This manuscript concerns the chemical components of alchemy more than the actual crafting of any sorcerers’ stone or elixir itself; indeed, it is the general recipe for the precursor materials needed to work the great work itself. The formula is fairly explicit but most of the secondary content used to “prove” the point is religious in nature and heavily metaphorical. Overall, a fine alchemical work of note, from one of the less well known figures within the period. It is slightly similar to some of Hollandus’ work.
This very short tract is an excellent primer to alchemy; it’s actually more an explanation of the veils and hidden meanings of the terms used by other works than it is a process in its own right- the author is anonymous, but Waite dug it up and managed to translate it. Altogether, when paired with other longer, more literal works, it’s of far greater value than its general obscurity suggests.
Talk about an early Yule gift; Createspace saw fit to finally accept and process this submission two months later; I have to assume whoever had it on hold quit their job or there was a glitch in the system.
This short work is alchemical in nature; it appears to adapt and retell “A Work of Saturn” by Hollandus and describes the crafting and augmenting of the philosophers’ stone to create elixir- a sort of metallic substance that melts like wax at low heat (or in contact with silver) and can be dissolved in wine or injected into wounds- that this substance is a sort of mercurial compound renders it perhaps less favorable in modern medicine, although I suppose it could destroy infections.
The Turba Philosophorum is one of the foremost philosophical and alchemical texts of all time; probably comparable in popularity to the Rosarium Philosophorum.
It is delivered in the form of a dialogue between various great antiquated minds in science and philosophy, despite the fact that it was created no earlier than perhaps the late 800sAD and probably in the early 900s. It expounds and elaborates upon alchemical principles and truths that would become commonplace centuries later in virtually all Renaissance era works of this type.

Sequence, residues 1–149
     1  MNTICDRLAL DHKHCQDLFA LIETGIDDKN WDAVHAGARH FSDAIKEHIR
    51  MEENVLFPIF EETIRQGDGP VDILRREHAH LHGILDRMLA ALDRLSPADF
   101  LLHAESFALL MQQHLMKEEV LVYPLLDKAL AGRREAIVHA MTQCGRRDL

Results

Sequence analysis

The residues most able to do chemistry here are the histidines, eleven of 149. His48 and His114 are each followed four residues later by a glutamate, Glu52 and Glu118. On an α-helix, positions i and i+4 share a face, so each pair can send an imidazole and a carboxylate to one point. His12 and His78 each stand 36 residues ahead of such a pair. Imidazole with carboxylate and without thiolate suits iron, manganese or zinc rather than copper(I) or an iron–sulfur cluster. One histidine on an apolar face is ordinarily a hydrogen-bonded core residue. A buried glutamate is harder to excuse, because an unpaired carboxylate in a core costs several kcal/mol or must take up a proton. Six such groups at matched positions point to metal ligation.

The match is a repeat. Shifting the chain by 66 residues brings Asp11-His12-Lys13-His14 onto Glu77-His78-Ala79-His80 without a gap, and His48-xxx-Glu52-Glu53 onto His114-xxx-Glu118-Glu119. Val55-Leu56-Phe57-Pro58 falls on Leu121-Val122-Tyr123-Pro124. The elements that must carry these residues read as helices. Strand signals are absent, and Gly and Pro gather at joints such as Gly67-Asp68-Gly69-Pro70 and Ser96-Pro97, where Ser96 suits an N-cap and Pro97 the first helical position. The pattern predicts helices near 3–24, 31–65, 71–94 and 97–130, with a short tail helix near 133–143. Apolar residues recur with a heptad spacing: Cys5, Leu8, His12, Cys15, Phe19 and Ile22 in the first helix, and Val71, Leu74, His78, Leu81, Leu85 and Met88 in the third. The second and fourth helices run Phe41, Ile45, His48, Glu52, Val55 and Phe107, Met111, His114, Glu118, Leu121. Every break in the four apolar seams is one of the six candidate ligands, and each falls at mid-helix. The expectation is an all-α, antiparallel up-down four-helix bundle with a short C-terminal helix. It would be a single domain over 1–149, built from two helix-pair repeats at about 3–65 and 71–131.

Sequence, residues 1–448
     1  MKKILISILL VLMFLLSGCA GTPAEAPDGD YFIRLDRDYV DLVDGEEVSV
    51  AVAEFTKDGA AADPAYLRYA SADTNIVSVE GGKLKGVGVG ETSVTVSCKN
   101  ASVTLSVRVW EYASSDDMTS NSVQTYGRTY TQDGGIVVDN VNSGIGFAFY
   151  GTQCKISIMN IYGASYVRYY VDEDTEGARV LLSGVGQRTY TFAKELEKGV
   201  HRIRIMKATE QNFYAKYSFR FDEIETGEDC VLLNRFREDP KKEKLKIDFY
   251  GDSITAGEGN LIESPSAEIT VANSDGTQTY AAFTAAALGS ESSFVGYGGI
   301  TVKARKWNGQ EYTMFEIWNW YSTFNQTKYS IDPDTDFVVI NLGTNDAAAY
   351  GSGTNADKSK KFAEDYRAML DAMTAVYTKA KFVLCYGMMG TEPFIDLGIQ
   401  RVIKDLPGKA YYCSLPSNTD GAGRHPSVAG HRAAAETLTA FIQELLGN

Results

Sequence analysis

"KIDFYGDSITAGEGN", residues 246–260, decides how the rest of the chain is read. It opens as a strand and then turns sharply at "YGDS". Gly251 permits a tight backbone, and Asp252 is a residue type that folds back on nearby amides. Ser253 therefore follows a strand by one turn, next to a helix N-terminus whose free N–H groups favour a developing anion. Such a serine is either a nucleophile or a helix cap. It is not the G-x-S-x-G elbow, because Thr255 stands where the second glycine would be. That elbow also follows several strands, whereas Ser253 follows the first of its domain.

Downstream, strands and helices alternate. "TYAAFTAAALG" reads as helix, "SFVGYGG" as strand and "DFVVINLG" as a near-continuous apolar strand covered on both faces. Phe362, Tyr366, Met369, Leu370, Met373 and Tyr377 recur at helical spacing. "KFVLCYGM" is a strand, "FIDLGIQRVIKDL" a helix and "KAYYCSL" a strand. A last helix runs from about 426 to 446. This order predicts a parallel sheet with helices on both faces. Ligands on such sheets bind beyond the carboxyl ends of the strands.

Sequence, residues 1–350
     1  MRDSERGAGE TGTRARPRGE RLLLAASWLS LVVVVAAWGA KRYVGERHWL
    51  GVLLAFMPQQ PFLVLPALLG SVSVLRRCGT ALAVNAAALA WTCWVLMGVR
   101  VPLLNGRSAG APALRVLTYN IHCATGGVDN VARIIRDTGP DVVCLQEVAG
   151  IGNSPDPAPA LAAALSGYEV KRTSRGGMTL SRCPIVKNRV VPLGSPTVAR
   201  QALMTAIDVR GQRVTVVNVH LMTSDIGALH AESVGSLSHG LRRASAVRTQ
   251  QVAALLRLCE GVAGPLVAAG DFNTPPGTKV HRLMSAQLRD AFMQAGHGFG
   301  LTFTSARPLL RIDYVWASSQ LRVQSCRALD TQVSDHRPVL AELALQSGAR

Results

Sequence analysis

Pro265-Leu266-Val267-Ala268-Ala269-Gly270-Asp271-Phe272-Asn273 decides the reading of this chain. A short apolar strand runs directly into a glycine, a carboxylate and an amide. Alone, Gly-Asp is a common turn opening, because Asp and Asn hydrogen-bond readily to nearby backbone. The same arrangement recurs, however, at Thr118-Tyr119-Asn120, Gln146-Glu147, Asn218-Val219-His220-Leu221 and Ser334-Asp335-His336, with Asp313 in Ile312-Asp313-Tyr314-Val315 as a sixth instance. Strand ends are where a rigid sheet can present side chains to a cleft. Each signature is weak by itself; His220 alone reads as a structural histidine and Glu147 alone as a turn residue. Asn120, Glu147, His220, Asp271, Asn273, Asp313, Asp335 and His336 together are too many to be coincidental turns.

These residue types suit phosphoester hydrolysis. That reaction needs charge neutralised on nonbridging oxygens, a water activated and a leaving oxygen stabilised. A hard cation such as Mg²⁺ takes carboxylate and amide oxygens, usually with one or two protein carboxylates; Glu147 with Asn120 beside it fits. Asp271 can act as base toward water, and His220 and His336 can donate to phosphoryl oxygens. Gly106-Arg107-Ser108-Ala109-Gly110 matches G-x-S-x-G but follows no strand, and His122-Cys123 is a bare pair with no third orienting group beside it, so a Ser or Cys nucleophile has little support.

I utilized Waite’s (now public domain) translation of this work, and modernized it completely, significantly improving the formerly cramped format of the same.
While this specific work claims the title of Hermetic Philosophy, it is more a standard alchemical text than a philosophical tract.
It attempts to reduce the convolution and deliberate obfuscation of alchemical truth by prior authors to a lesser degree such that the student is more readily able to understand the process of creating the stone of the philosophers- an attempt which is partially successful. It then divides the total work into the Zodiac, referencing stages of time required to produce the final result by astrological means.
Originally rendered into English by the 1600s, the Aurora of the Philosophers (or Monarchia) of Paracelsus is one of the foremost of all alchemical works ever created.
This particular work is of note for two reasons. First and foremost, it covers the ancient history of magick according to Paracelsus, as derived from Persia, Egypt, the Chaldaeans, and Hebrews. Second, it supplies hands-on experimentation where the vast majority of works supply only theory. For obvious reasons I in no way condone or encourage the working of any experiment in this work.
It additionally refutes some of the then-common myths regarding the work of alchemy in rather good detail.
When works of alchemy are made, mostly they fixate on obscure philosophy- the only exceptions I have encountered are this work and some of Paracelsus’ materials. The Golden Chain of Homer, however, is explicit and describes actual alchemical experiments and their recipes.
For those interested in alchemy this work is highly recommended; it may be seen as a somewhat dense but spectacular overview of the philosophy and the working of alchemy itself. Disclaimer: I in no way endorse the practice of these experiments.